This April 1991 document from Imperial Oil Ltd, the Canadian subsidiary of Exxon, is a report on “Underground Disposal of Carbon Dioxide.” This document is part of the ClimateFiles Imperial Oil document set, gleaned by DeSmog researchers from the Glenbow Imperial Oil Archive Collection.
This report is part of a series of research papers produced by Imperial as part of the “seven point work program” to “further understand the implications of potential global warming” laid out in their March 1990 position paper on “Potential Global Warming.” This document fulfills the fourth point in that work plan: a commitment “to determine the technical and economic potential for carbon dioxide ‘sinks’, or mechanisms to remove carbon dioxide from the atmosphere, such as underground injection into oil bearing reservoirs to support enhanced oil recovery operations.” Some of Imperial’s other papers addressing points on their work plan include its 1991 Preliminary Inventory of Greenhouse Gas Emissions and a 1991 report on Potential for CO2 Reductions from Additional Energy Efficiency.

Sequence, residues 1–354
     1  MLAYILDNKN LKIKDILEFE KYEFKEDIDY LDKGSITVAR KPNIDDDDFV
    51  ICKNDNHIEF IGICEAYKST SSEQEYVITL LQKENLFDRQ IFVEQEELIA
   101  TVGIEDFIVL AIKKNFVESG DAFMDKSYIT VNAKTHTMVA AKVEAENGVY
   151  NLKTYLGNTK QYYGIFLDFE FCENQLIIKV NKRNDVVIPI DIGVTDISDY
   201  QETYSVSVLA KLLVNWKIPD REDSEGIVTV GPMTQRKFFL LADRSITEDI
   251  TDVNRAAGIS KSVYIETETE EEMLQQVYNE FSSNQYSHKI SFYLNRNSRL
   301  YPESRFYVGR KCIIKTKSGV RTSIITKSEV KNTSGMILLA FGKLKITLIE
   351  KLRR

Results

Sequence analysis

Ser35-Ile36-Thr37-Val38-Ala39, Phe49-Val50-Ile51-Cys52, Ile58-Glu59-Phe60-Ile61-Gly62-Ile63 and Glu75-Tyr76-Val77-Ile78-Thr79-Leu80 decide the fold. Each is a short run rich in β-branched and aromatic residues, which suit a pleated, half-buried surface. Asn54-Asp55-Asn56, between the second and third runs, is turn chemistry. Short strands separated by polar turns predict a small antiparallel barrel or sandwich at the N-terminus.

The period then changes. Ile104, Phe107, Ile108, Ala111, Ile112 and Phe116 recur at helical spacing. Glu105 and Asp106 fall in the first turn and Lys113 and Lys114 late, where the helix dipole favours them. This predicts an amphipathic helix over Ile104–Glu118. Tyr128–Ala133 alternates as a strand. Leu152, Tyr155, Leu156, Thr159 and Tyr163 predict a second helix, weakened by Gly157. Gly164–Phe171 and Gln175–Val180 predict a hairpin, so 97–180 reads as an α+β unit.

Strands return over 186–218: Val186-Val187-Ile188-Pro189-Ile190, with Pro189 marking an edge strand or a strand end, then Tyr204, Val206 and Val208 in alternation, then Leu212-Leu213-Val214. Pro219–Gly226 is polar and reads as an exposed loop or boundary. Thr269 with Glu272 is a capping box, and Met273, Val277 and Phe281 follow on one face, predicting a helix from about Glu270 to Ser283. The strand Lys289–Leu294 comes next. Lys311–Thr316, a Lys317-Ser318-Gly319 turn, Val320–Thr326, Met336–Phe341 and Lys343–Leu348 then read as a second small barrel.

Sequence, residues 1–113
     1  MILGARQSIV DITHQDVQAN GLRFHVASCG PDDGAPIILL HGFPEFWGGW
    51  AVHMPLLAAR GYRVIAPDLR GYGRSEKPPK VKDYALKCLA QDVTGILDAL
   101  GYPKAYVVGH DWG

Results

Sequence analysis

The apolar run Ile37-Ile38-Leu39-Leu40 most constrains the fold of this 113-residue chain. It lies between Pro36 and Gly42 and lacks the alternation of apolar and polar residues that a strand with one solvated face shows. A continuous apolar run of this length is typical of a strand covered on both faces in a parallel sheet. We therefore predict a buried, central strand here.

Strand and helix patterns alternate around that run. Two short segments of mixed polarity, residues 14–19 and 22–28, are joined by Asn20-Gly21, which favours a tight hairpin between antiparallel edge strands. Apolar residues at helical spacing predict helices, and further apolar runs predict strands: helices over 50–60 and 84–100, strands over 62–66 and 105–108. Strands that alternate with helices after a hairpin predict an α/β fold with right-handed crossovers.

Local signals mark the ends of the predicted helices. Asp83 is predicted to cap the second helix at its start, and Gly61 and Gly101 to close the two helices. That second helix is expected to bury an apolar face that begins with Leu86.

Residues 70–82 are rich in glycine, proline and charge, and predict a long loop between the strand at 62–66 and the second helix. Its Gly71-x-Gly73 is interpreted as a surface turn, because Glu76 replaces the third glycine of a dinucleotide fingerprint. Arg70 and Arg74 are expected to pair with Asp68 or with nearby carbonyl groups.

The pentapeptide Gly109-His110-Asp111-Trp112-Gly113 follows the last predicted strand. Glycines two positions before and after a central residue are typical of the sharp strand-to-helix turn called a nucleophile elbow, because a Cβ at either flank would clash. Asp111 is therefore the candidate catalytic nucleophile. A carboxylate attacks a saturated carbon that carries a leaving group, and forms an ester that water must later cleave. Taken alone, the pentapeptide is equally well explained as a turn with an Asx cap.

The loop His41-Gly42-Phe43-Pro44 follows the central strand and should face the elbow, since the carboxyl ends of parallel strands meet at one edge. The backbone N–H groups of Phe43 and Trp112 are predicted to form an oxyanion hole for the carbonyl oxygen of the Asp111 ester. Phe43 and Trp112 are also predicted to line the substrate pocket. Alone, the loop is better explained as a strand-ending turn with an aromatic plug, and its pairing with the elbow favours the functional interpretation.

Imperial states their commitment to “Participating in the public policy debate concerning the issue of global climate change, given their role “as a significant Canadian producer, marketer and consumer of fossil fuels.” The study in this document “focuses on CO2 emission sources in Alberta…emissions from these facilities are about 142,000 tonnes per day – about 42 percent of Alberta CO2 emissions and 10 percent of the Canadian total.” By Imperial’s estimates in this study, “it would be technically feasible to develop, over a five to 10 year period, the infrastructure to permanently dispose of up to 50,000 tonnes per day of CO2.”
The capital investment required to make these reductions is estimated by Imperial at “approximately $7.5 billion” in order to reduce atmospheric emissions “by about 50,000 tonnes per day (about 15 percent of the Alberta CO2 emissions).” Given these costs and the relative efficiency of underground CO2 disposal, Imperial finds that such an undertaking does not “appear to be economic” and would “achieve a relatively minor impact in reducing CO2 emissions” even with significant collaboration among stakeholders. While the report doesn’t find underground CO2 disposal to be an economically viable option for Imperial alone, the paper does conclude that such strategies may “require further technical and cost assessment” in the event that “international strategies evolve to reduce CO2 and other greenhouse gas emissions through steps that are uneconomic in their own right.”